The Voice

The Voice

The Voice

The lone player

The lone player


Tony Dipaulo eases himself into a chair. The piano keys beneath his fingers humbly await his command. A single sheet of paper guides him.

The show begins.

Tony picks away at the keys. He takes in the rhythm, keeping time through the bobbing of his head. His eyes close.

His song flows through the building in waves. An aura of resonance and wholeness is left in its wake. Everything comes together.

This is his sanctuary.

Once just an item on a bucket list. Now a forged skill that brings peace to the waiter.

He does not play for himself alone. He plays for his audience. His family.

At gatherings, he will separate himself, if only just for a while.

Separate himself from the chaos of a dozen voices at once. Separate himself from three small children, loud and wild. Separate himself from the noise of life. Separate himself, and just play.

Alone, he achieves plenty in this hobby. Playing is a reward in itself. Dipaulo composes as well, pecking at keys to create new music.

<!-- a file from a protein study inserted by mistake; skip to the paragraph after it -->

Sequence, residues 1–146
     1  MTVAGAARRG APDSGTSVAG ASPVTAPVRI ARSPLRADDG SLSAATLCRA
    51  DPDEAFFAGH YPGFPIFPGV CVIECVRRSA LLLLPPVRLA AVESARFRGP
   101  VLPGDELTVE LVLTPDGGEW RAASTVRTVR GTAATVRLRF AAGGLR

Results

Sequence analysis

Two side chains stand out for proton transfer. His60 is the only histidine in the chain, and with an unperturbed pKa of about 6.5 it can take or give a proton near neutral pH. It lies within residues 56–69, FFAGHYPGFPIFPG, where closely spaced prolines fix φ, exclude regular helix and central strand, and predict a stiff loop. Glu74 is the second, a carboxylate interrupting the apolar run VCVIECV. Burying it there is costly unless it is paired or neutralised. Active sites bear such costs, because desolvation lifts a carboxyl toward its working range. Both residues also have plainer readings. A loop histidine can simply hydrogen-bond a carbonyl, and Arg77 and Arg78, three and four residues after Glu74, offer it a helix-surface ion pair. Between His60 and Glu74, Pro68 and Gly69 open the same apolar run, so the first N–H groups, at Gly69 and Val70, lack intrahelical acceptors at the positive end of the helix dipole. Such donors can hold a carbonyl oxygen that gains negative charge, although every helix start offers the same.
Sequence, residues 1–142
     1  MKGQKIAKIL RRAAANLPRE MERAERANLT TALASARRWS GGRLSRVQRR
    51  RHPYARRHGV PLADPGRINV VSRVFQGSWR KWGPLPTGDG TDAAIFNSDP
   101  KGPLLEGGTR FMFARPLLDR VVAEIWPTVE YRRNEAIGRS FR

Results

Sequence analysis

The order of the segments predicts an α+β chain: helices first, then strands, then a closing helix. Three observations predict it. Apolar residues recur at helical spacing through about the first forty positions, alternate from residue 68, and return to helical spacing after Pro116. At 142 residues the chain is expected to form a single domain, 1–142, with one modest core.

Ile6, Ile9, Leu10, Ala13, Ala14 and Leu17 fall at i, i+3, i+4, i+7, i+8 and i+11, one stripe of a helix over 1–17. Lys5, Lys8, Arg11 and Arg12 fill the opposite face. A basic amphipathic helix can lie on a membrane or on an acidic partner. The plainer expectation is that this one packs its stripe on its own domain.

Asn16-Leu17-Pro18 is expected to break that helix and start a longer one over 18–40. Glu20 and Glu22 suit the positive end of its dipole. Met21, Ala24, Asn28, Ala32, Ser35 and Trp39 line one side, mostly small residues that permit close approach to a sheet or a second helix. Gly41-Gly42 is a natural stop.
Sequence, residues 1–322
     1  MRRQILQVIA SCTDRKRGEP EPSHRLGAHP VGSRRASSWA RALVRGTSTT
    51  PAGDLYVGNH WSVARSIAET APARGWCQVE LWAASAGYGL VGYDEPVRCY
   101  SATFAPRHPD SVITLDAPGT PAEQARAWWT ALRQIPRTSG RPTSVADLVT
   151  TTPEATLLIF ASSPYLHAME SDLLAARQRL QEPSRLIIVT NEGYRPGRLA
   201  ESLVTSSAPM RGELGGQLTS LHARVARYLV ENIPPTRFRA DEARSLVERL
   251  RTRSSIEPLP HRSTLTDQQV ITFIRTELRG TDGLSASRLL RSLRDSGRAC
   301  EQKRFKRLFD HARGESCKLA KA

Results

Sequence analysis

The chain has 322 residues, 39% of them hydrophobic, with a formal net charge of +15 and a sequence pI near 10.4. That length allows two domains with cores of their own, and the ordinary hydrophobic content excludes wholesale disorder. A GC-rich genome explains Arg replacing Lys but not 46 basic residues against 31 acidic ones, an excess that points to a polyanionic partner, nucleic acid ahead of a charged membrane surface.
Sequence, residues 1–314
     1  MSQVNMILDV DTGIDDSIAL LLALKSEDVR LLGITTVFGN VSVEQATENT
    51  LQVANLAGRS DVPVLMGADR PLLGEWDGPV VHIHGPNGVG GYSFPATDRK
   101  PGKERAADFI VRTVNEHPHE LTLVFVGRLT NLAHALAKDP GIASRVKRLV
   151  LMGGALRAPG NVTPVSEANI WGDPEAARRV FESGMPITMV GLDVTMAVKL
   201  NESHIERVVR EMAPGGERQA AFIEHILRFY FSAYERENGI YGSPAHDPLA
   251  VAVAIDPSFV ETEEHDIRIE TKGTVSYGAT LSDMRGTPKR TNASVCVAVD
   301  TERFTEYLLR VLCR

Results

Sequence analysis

“Writing music is even better. It gives you a sense of accomplishment.”

Dipaulo ascends beyond the rest when he plays. Soars above the others when he performs.

And, for even just a second, the audience gets a glimpse of his ascension.

A glimpse of his wings.

Dipaulo’s performance hits its climax.

He descends from his sanctuary. His soul’s wavelength is almost spent. His show comes to its end.

He folds up his wings, allowing them to rest. He will need them again soon enough.

His eyes drift away from the single sheet of paper that had lead him to his  ascent, and his inevitable descent from the heavens.

He places his hands on his knees, using them to help in his rise from the chair.

The show ends.


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Cullen Walsh, Author

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